A copy of an allographic artwork is a print, a copy of an autographic artwork is a fake. Goodman argues (giving the example of Vermeer scholarship) that even if a fake is indistinguishable from the original today we cannot know that it will never be possible, with developments in technology or knowledge, to distinguish it in the future. Autographic art could be copied using atomic-level 3D scanning and printing, at which point the history and provenance of the artwork become the only current ways of distinguishing the original from a copy. But some as yet unknown fact or technique might still be developed to tell them apart.
When printing an allographic work, the materiality of the print is irrelevant to the extent that it does not interfere with the successful communication of the content of the work. The materiality of the print is noise in the sense of Shannon’s information theory. But noise can become ironized into signal by history. For example the hiss and crackle of vinyl records sampled in trip-hop or the deliberate digital image corruption of glitch art.
When producing a fake, another concern of Goodman’s, material differences from the original are noise. Where they become identifiable, these differences can become a signal indicating the work of celebrated or infamous fakers. Or they can become the signature of inauthenticity.
We cannot assume that every material fact about an autographic artwork or a particular print of an allographic artwork is intended to be part of the signal of the work, this would be the intentional fallacy. But every material fact about an artwork may affect its reception and interpretation. This is obvious for autographic work, where control of the medium is a sign of artistic competence, but it is also true for allographic work.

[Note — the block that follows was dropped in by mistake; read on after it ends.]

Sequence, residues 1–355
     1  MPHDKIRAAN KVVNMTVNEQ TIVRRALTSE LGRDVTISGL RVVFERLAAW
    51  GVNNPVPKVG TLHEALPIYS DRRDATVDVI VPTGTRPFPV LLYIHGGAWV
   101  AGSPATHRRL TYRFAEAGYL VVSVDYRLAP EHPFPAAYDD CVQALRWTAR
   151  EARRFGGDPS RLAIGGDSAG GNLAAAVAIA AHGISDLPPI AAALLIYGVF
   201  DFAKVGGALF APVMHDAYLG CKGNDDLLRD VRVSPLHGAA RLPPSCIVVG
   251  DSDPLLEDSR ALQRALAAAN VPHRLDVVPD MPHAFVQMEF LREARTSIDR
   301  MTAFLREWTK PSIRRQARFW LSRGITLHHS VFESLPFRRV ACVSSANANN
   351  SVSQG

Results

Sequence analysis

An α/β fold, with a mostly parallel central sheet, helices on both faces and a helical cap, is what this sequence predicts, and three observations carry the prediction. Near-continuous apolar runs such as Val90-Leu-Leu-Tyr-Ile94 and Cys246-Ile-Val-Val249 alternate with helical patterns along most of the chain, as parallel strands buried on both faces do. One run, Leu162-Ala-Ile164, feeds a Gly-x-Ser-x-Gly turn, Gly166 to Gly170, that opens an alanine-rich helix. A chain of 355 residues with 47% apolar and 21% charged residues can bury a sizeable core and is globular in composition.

Bits require atoms to hold them, and prints require a substrate. The medium modulates the message, and the materiality of text has been something that authors have played with since at least “Tristram Shandy”. But the materiality of text that criticizes or historicizes art is not a product of authorial intent, rather it is an imposition by editors and designers. It is contingent. But this is the intentional fallacy, and the material qualities of a text affect its perception and reception whether the author cares or not.
The design of an art history, theory or criticism journal is not intended to confound the signal of the texts it contains. It is designed to lend them an air of neutrality and authority. If the authors of the texts they present do not intend this, they at least consent to it.
At art school in the early 1990s I was struck by the fact that the general posture of criticality of the cultural studies department towards other media didn’t extend to the particularities and peculiarities of their own. Media can at most appear neutral in the culture that exploits them. Much historic conceptual art and concrete poetry now speaks more immediately of mid-twentieth century bureaucracy’s office technology than of its artistic written content. But historical distance can be replaced with critical distance. We can find our own media strange. This includes the media of critical texts and of art history.
Which is why I think Charlotte Frost’s “What Is Art History Made Of” is such an important essay. Frost both recognizes the materiality of art historical media and seeks to broaden it. The Digital Humanities are already expanding the range of methods and materials available to art history, but Frost describes a broader self-critical programme for such experiments to pursue. This is a superset of a “critical digital humanities” that is much more than the call to order that label usually covers, bringing in Maker Culture and art practice as well (Art & Language are a useful precedent here). It is a self critical expansion of art history into its own objects that promises increased expressive range and communicative bandwidth for the field.